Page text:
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The sets$$\big\{ \{f\in C(X) : |g-f| \le u \} \;\big\vert\; g\in C(x) \text{ and } u \text{ is a positive unit of } C(X)\big\}$$ form a base for some topology on $C(X)$. Corresponding to this topology, how to show that multiplication is continuous on $C(X)^2$? Moreover if $U$ denotes the set of all units in $C(X)$, how to show the function $f \mapsto 1/f$ is continuous on U?

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Sorry, but what is $C(X)$? I think I could do the question if I knew what you mean't. – simplicity May 18 '12 at 16:43
C(X) is the set of all real-valued continuous functions on X. Here X is an arbitrary topological space. – Bilash Majumder May 19 '12 at 1:15
up vote 2 down vote accepted

I assume $C(X)$ is the space of continuous real-valued (or perhaps complex-valued) functions on some topological space $X$. Any (strictly) positive continuous function is a positive unit of $C(X)$.

Note that $$|f_1 f_2 - g_1 g_2| \le |f_1| |f_2 - g_2| + |g_2| |f_1 - g_1| \le (|g_1| + |f_1 - g_1|) |f_2 - g_2| + |g_2| |f_1 - g_1|$$ Given $g_1, g_2 \in C(X)$ and positive unit $u$, if $|f_1 - g_1| < \min(1, u/(2 |g_2|))$ and $|f_2 - g_2| < u/(2 |g_1| + 2)$ then $|f_1 f_2 - g_1 g_2| < u$. This shows that multiplication is continuous.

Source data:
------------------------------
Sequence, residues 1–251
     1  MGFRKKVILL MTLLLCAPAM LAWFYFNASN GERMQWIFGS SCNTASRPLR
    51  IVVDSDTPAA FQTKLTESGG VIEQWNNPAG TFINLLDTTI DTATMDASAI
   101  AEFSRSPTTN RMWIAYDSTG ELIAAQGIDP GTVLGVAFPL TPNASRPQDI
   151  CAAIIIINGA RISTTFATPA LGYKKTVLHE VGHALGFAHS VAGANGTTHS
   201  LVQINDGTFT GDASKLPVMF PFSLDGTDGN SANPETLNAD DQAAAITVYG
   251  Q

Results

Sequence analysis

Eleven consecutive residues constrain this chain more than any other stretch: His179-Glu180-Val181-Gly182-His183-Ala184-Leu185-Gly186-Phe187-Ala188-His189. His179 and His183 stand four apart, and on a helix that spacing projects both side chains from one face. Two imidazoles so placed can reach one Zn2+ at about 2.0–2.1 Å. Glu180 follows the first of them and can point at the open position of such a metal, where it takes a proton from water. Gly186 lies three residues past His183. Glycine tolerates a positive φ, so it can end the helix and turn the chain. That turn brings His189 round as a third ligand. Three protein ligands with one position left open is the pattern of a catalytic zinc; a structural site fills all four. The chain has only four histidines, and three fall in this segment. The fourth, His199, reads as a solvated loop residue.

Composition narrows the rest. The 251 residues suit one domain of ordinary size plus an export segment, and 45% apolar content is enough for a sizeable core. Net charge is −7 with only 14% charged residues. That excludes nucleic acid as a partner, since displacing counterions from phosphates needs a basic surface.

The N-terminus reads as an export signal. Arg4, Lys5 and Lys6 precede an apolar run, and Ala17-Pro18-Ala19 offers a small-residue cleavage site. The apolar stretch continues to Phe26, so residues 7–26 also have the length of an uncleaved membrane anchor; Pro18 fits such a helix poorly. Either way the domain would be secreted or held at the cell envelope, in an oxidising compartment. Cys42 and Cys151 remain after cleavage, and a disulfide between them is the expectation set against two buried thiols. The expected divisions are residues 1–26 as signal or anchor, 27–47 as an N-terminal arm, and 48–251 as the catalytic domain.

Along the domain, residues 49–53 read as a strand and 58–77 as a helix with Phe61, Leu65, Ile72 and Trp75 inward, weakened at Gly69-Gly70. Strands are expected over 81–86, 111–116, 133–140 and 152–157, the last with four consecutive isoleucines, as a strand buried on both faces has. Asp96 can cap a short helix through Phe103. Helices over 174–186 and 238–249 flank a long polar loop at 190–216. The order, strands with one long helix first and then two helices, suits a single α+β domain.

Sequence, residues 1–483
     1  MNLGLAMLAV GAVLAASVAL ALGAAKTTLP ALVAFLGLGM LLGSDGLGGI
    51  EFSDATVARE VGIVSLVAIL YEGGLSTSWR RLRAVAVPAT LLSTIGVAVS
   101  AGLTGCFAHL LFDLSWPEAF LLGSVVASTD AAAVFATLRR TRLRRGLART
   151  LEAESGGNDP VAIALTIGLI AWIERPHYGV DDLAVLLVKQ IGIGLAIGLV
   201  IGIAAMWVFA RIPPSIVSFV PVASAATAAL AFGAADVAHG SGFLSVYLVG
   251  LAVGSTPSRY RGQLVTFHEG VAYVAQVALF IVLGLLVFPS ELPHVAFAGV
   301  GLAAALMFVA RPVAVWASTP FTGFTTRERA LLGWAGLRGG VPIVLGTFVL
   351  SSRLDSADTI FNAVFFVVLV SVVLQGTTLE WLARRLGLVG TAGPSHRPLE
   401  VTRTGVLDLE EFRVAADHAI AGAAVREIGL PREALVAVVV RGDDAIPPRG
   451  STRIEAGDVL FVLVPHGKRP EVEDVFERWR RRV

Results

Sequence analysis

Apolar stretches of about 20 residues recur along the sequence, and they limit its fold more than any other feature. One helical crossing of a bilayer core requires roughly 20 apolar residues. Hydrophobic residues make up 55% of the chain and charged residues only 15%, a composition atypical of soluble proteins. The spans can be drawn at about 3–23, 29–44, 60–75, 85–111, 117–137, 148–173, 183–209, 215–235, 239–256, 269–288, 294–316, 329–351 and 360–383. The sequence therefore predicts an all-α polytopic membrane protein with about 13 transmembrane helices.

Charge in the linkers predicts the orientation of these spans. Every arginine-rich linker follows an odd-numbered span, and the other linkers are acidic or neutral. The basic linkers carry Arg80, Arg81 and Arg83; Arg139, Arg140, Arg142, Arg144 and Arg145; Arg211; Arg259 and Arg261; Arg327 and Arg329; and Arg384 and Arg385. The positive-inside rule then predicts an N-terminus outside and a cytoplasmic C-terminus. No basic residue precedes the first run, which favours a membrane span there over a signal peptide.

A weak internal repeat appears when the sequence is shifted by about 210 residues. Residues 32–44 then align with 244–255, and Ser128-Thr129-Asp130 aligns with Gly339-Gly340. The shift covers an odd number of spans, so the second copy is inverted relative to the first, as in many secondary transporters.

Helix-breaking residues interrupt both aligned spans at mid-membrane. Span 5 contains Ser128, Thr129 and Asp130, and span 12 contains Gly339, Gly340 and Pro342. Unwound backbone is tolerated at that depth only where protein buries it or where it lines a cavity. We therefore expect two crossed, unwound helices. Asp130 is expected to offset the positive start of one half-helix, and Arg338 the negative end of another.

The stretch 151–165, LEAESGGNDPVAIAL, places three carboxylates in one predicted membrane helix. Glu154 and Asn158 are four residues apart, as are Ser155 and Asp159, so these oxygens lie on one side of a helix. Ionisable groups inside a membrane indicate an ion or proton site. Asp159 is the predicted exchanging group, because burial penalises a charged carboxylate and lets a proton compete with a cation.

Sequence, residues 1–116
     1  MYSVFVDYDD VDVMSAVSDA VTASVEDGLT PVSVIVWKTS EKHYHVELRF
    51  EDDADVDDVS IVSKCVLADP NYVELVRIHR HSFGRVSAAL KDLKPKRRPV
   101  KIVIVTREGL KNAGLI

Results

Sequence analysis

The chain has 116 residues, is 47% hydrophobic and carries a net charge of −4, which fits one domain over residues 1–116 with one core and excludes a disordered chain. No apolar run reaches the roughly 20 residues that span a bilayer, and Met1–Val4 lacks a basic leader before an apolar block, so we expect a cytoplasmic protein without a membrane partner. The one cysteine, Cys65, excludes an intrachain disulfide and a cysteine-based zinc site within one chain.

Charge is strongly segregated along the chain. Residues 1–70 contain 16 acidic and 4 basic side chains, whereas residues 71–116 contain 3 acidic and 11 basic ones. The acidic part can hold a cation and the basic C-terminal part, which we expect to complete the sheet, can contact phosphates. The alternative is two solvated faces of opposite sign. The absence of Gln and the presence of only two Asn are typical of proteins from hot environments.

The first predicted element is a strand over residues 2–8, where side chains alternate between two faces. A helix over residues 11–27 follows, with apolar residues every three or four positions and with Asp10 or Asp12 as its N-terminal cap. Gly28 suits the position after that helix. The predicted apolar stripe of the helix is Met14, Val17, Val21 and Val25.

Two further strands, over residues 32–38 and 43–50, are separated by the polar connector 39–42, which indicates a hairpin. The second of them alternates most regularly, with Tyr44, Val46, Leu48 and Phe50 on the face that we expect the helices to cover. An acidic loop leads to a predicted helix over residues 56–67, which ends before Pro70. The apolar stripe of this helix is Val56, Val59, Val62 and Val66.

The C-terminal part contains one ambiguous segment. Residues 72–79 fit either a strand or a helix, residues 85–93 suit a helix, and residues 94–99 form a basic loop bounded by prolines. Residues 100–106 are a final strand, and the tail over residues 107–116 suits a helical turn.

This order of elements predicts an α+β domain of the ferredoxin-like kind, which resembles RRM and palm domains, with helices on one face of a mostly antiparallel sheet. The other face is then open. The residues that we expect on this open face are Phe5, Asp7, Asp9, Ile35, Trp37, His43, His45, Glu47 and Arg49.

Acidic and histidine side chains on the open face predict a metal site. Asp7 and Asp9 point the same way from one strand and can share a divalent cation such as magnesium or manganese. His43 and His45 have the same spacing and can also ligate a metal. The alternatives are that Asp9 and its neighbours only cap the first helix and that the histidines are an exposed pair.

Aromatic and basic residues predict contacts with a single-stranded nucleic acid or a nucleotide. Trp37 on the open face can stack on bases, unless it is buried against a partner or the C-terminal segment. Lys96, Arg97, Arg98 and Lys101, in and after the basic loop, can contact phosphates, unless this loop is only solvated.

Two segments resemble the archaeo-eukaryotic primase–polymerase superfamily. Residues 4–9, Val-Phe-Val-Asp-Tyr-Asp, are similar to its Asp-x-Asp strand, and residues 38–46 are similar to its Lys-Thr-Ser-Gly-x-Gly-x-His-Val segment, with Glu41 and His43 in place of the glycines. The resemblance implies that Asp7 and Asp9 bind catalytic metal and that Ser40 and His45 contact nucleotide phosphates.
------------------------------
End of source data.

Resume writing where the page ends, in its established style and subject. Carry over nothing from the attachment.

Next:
For $f \mapsto 1/f$, note that $ \dfrac{1}{f} - \dfrac{1}{g} = \dfrac{g-f}{fg}$ If $g$ is a unit and $u$ a positive unit, then for any $f$ with $|f - g| < \min(u|g|^2/2, |g|/2)$ we have $|f| \ge |g| - |f - g| > |g|/2 > 0$ and so $$ \left|\dfrac{1}{f} - \dfrac{1}{g}\right| \le \dfrac{|f-g|}{|f||g|} < \dfrac{u |g|^2/2}{|g|^2/2} = u$$

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I doubt whether min(1,u/(2|g2|)) is defined on X for g2 may takes the value zero at some point on X. – Bilash Majumder May 19 '12 at 1:42
@BilashMajumder: if $g_2=0$, then $\min(1, u/(2 |g_2|))=1$. – robjohn May 19 '12 at 13:16
@robjohn: If min(1,u/(2|g_2|))=1∧(u/(2|g_2|)) then how is it possible? Sorry having trouble to get it !! Please elaborate a little. – Bilash Majumder May 20 '12 at 1:01
@BilashMajumder: $\min(x,y)$ is the minimum of $x$ and $y$, so if $y\to\infty$, $\min(x,y)\to x$. – robjohn May 20 '12 at 3:30
Rather than arguing over what $\min(1, u/(2 |g_2|))$ means, just not that if $g_2 = 0$, $|f_1 - g_2| < 1$ and $|f_2 - g_2| < u/(2(|g_1|+2)$ will be enough. – Robert Israel May 20 '12 at 5:46

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